If relaxation exercises can be used to increase natural exposure, the effect of relaxation should be to reduce anti-exposure guidelines. This may be true in the case of EMDR: the evidence shows that eye movement and its name differ from treatment, which raises doubts about the value of other pendulum stimuli used in EMDR, such as the lack of confidence to wait and touch. The effects of EMDR are many. May be due to the illusion of moments which may help to create vivo light. There is some evidence to suggest that EMDR (i.e. Devilly, in press) plays a crucial role. Besides, the effect of naturalistic in vivo acquaintance would be evaluated by comparing EMDR with anti-exposure instruction (such as instructions to evade every form of in vivo exposure). Moreover, the significance of naturalistic in vivo exposure could be discovered by the level to which the effectiveness of EMDR is weakened when such exposure is decreased.
The studies by Ironson et al. (2002) and by Taylor et al. (2003) compared Eye Movement Desensitisation and Reprocessing (EMDR) with exposure therapy for the treatment of Posttraumatic Stress Disorder (PTSD). In the context of the study Ironson et al. (2002), authors stated that the first EMDR, SUDS may be higher than the PE report at baseline. The EMDR protocol is configured to fully activate all sensitive somatic components of memory at the beginning of a session. The patient is instructed to visualize an image of the trauma (the patient usually imagines the saddest place). This can lead to higher initial SEDS scores. At the beginning of the PE session, patients are encouraged to talk about trauma, but it is advisable to moderate this first comfortable session. Since PE patients have control where they start, many begin by describing events that begin with trauma that do not begin at the most annoying stage. This can lead to an average initial SUDS score. According to the data from the first session EMDR patients were at risk, including EMDR patients. At the end of the initial session, SUDS were assessed at memorable target events and were significantly lower in PE patients than in EMDR patients.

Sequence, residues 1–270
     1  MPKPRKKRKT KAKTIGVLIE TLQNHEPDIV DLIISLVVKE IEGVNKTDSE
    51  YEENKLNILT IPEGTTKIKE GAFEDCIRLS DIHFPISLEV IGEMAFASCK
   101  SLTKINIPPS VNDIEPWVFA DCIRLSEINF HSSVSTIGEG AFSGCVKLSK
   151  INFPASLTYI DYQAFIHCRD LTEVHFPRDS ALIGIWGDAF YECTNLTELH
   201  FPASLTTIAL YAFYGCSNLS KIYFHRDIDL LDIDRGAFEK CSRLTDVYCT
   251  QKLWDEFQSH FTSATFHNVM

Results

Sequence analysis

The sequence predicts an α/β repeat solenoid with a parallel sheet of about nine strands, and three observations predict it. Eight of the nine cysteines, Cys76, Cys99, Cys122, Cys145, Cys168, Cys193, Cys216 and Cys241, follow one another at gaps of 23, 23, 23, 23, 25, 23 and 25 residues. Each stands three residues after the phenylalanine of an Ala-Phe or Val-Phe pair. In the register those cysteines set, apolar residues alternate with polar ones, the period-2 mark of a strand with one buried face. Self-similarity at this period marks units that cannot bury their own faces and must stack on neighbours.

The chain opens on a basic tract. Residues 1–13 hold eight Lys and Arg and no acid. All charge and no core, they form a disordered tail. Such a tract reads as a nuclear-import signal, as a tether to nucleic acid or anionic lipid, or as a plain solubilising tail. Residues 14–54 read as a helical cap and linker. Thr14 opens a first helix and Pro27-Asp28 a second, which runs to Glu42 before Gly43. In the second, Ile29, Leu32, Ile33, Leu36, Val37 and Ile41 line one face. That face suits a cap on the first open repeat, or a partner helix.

On the other hand, Taylor et al. (2003) stated that, The effects of EMDR can often result from hypothetical exposure during a session and can result in natural sedation. Some evidence suggests that EMDR (e.g. devil, press) plays an important role. The natural effects of in vivo exposure can be assessed by comparing EMDR (e.g., regular use) with antipax instructions (e.g., instructions to avoid all types of in vivo exposure).
Ironson, G., Freund, B., Strauss, J. L., & Williams, J. (2002). Comparison of two treatments for traumatic stress: A community‐based study of EMDR and prolonged exposure. Journal of clinical psychology, 58(1), 113-128.
Taylor, S., Thordarson, D. S., Maxfield, L., Fedoroff, I. C., Lovell, K., & Ogrodniczuk, J. (2003). Comparative efficacy, speed, and adverse effects of three PTSD treatments: exposure therapy, EMDR, and relaxation training. Journal of consulting and clinical psychology, 71(2), 330.